In operation the cracked gas stream flows from a source (not shown) which may be a collection manifold for the effluent of the pyrolysis tubes of a cracking furnace or for such effluent after it has passed through a heat exchanger to generate steam, to the quench pipe 1, in the direction shown by the arrow. Quench hydrocarbon oil introduced through pipes 8 and 9 to enclosure 7, at a pressure above that of the gas, suitably of about 20 psia to about 80 psia, is injected substantially tangentially through the slots. The flow rates of coolant and gas are regulated so that the weight ratio is in the range of about 2 to about 15, for example about 2 to about 5 or about 2.5 to about 4.0 for gas oil. To illustrate, a stream cracked hydrocarbon gas stream may be at a temperature in the range of about 1400 atmospheric to about 50 psia, may be quenched with a hydrocarbon oil at a temperature in the range of about 350 drops through a temperature gradient of about 850 to about 1200 Fahrenheit degrees and leaves the quench pipe at a temperature in the range of about 450 other circumstances or for quenching hot gases from other sources.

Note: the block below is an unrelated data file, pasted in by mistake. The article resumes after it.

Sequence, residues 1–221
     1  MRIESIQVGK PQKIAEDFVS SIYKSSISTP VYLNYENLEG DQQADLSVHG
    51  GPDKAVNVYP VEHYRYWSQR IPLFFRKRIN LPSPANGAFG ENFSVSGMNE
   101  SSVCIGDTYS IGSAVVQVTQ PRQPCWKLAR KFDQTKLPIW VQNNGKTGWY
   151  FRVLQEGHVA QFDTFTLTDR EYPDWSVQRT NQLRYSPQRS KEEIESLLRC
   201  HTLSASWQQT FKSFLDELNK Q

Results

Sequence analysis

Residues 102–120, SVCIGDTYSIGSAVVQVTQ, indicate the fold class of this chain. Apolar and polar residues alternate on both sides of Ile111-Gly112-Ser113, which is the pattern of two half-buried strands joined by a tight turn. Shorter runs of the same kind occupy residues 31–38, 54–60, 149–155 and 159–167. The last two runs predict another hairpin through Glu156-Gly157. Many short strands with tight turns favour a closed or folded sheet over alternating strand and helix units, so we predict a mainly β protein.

The process is illustrated by the following example.
The example is carried out using an apparatus as shown in FIGS. 1 and 2 with dimensions as set forth above.